This study examined the relations of age, preschool experience, and gender with children's school readiness levels at kindergarten entry. The sample included 5,512 children of predominantly Hispanic heritage and from families experiencing low socioeconomic circumstances. A series of between-subjects ANOVAs indicated that age (Eta^sup 2^ .019 to .043), preschool experience (Eta^sup 2^ .104 to .204), and gender (Eta^sup 2^ .015 to .022) were significantly related to children's school readiness as measured by the Kindergarten Student Entrance Profile (KSEP). Logistic regression examined the unique contribution of these variables to predict students' academic achievement at the end of Grade 2 with a subsample of 980 students. The strongest achievement predictor was school readiness - the odds of students rated in the top 25% on the KSEP having proficient or advanced scores on the English Language Arts portion of the California Standards Test at the end of Grade 2 were 4.51 greater than the odds of students rated in the bottom 75% on the KSEP having proficient or advanced scores. Similar results were found for students' achievement in mathematics. The key findings of this study showed that formal preschool experiences play an important role in preparing children of Hispanic descent and who live in households experiencing low income for kindergarten entry. However, children's readiness at entry into kindergarten was more strongly related to later academic achievement than age at kindergarten entry and preschool experience.
KEYWORDS: school readiness, Kindergarten Student Entrance Profile, age of school entry, academic achievement, Hispanic students, gender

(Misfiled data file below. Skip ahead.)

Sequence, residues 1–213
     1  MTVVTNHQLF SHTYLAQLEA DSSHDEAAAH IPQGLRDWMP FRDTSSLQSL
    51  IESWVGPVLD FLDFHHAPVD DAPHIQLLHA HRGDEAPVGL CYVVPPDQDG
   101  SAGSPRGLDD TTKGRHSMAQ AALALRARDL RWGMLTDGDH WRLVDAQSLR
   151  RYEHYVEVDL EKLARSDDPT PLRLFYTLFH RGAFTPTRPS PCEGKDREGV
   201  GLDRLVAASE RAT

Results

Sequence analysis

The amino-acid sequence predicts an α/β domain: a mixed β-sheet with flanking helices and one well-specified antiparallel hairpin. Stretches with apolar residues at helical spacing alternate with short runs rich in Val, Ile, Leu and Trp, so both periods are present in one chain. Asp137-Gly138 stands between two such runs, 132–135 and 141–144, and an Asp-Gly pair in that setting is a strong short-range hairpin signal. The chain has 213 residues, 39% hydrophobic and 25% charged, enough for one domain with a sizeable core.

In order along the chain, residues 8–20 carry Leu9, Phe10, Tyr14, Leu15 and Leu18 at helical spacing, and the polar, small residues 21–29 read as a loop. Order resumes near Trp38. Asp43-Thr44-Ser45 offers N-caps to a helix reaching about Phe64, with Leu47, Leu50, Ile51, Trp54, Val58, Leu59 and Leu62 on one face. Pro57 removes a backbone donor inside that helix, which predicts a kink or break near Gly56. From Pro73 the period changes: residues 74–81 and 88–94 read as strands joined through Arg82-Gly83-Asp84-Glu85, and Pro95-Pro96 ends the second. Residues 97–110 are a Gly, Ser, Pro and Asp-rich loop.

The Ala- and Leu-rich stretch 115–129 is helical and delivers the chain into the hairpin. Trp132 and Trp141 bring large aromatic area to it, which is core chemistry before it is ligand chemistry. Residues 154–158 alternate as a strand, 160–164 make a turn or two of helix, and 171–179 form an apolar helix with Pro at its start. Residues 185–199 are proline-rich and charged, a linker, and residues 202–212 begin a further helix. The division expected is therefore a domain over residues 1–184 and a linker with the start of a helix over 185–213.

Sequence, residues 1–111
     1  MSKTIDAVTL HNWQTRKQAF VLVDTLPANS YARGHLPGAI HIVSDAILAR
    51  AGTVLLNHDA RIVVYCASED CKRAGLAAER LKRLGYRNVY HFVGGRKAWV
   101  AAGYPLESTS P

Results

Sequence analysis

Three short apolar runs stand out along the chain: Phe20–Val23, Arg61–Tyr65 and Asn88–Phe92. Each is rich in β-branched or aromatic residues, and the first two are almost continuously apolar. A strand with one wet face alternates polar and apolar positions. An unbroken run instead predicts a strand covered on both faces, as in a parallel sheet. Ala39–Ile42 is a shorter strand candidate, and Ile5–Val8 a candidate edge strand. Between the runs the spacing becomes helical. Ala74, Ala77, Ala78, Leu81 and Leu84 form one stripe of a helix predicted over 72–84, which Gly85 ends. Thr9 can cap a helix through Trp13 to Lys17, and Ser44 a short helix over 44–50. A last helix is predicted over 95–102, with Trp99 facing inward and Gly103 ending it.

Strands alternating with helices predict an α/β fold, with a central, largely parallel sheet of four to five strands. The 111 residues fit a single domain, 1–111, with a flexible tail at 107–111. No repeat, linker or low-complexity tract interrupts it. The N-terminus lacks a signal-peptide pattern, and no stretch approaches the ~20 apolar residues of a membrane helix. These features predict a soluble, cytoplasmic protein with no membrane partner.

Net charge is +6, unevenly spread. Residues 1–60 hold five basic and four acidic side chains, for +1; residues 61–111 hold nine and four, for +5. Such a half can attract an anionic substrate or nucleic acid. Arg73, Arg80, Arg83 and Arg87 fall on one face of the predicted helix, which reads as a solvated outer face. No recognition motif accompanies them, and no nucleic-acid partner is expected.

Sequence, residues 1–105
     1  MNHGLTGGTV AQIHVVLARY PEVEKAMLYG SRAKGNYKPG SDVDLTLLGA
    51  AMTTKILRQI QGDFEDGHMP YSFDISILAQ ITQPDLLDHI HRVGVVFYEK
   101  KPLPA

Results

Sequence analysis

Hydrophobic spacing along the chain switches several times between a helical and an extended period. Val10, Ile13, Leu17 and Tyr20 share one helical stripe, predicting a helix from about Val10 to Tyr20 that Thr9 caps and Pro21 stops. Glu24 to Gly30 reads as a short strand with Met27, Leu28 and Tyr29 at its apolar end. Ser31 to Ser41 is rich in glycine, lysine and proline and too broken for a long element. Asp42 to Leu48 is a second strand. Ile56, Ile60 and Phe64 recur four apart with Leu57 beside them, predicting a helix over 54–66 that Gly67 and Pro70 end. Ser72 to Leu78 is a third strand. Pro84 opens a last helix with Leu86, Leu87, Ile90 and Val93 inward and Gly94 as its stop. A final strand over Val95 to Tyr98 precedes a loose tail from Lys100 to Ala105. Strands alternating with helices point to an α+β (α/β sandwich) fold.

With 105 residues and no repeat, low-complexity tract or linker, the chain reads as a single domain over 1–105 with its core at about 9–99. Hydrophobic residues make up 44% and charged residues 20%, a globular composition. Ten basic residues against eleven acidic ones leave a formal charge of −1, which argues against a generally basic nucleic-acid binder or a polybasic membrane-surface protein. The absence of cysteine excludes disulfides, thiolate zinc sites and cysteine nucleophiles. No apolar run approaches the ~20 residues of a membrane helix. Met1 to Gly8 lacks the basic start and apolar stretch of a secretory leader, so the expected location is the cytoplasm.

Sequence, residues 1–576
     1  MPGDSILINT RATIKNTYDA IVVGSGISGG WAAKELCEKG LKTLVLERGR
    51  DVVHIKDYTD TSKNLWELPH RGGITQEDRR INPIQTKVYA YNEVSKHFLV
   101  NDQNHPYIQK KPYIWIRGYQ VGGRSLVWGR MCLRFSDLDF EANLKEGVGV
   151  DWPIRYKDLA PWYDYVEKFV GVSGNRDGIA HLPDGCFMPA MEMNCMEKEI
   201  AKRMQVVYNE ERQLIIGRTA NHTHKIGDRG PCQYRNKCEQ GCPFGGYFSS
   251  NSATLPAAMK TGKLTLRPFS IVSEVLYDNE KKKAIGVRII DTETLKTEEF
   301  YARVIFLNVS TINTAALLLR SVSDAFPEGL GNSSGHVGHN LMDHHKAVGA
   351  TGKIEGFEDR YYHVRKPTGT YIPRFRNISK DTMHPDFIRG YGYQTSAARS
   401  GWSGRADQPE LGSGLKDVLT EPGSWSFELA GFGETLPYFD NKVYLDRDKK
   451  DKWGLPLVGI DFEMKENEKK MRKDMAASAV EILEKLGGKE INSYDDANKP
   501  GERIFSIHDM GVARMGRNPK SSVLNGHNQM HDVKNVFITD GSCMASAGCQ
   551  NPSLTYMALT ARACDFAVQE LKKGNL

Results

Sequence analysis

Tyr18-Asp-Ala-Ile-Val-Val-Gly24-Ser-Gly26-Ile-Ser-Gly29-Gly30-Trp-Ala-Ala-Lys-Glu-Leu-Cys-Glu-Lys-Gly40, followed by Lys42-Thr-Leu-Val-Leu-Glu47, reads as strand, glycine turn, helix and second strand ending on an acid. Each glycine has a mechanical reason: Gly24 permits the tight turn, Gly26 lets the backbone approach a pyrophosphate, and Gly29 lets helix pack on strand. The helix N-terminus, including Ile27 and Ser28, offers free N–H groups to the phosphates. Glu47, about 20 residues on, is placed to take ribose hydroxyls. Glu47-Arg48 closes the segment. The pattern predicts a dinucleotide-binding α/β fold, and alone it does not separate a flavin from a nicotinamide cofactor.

As a child nears five years of age, parents often consider the skills he or she needs to be successful in school. Similarly, schools may use developmental screening assessments to evaluate if entering kindergarteners are prepared to be responsive learners (Saluja, Scott-Little, & Clifford, 2000). In response to these concerns, the California legislature passed a law moving the cutoff date for entry into kindergarten from December 2 to September 1 of the year in which the child turns five years old (Kindergarten Entry Age, CA SB. 1381, 2010). This change in policy was based on the belief that children entering kindergarten before five years of age are too young and that beginning school at an older age would benefit their academic and social development. In most U.S. states, children must be 5 years old by August 31September 1 to be eligible to enroll in kindergarten, and in some states, the entry date is June 1 (Stipek, 2002). California's policy change is reflective of a number of states changing the school entry date and requiring younger children to wait an additional year before entering kindergarten (Stipek, 2002).
Despite the laudable aims of this educational policy, which is backed by some research evidence (Bisanz, Dunn, & Morrison, 1995; Diamond, 1983; Langer, Kalk, & Searls, 1984; Stipek, 2003; Uphoff & Gilmore, 1985), there is still debate regarding the long-term effects of later entry into kindergarten, particularly for students who come from disadvantaged socioeconomic backgrounds (Loeb, Bridges, Bassok, Fuller, & Rumberger, 2007).
Research over the past decade has demonstrated that children's school readiness is related to a variety of positive school-related outcomes (Duncan et al., 2007; Ladd, Herald, & Kochel, 2006; Le, Kirby, Barney, Setodji, & Gershwin, 2006; Quirk, Furlong, Lilies, Felix, & Chin, 2011). However, few studies have specifically examined the combinatorial influences of chronological age, gender, and preschool experience on children's readiness at entry into kindergarten (Gullo & Burton, 1992), and none have examined these issues with at-risk student populations. Thus, the current study examined the unique and interactive effects of age, preschool experience, and gender on children's school readiness at kindergarten entry with a sample of over 5,500 Hispanic children from a predominantly low income, agricultural community in central California. …